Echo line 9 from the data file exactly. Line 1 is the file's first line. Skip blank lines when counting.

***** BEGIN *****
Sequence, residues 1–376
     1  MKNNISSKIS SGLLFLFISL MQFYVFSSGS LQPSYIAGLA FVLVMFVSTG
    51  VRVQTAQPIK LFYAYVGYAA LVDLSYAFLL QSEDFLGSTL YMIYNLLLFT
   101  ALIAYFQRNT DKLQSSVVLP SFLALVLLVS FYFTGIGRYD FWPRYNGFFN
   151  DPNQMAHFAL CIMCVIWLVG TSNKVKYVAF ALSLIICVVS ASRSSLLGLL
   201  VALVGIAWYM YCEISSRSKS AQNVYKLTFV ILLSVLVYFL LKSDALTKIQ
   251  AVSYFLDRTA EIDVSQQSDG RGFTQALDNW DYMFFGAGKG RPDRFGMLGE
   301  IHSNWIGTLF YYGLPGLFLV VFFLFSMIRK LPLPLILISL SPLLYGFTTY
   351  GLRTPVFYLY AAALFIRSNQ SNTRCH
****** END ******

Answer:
   351  GLRTPVFYLY AAALFIRSNQ SNTRCH